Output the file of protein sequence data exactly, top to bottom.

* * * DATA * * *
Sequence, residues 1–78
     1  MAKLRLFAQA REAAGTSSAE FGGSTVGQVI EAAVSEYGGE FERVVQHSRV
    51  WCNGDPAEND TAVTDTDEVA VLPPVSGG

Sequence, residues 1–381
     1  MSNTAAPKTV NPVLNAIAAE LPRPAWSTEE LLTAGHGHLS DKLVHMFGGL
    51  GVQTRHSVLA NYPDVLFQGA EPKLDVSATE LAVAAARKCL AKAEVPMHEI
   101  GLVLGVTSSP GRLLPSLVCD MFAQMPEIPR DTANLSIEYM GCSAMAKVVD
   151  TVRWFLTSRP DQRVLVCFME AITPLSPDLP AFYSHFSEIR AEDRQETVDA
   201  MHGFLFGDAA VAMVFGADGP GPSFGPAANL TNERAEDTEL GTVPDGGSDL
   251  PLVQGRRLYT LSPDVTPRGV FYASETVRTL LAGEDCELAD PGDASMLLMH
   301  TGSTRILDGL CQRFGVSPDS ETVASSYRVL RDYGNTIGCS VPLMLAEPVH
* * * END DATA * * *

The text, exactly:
Sequence, residues 1–78
     1  MAKLRLFAQA REAAGTSSAE FGGSTVGQVI EAAVSEYGGE FERVVQHSRV
    51  WCNGDPAEND TAVTDTDEVA VLPPVSGG

Sequence, residues 1–381
     1  MSNTAAPKTV NPVLNAIAAE LPRPAWSTEE LLTAGHGHLS DKLVHMFGGL
    51  GVQTRHSVLA NYPDVLFQGA EPKLDVSATE LAVAAARKCL AKAEVPMHEI
   101  GLVLGVTSSP GRLLPSLVCD MFAQMPEIPR DTANLSIEYM GCSAMAKVVD
   151  TVRWFLTSRP DQRVLVCFME AITPLSPDLP AFYSHFSEIR AEDRQETVDA
   201  MHGFLFGDAA VAMVFGADGP GPSFGPAANL TNERAEDTEL GTVPDGGSDL
   251  PLVQGRRLYT LSPDVTPRGV FYASETVRTL LAGEDCELAD PGDASMLLMH
   301  TGSTRILDGL CQRFGVSPDS ETVASSYRVL RDYGNTIGCS VPLMLAEPVH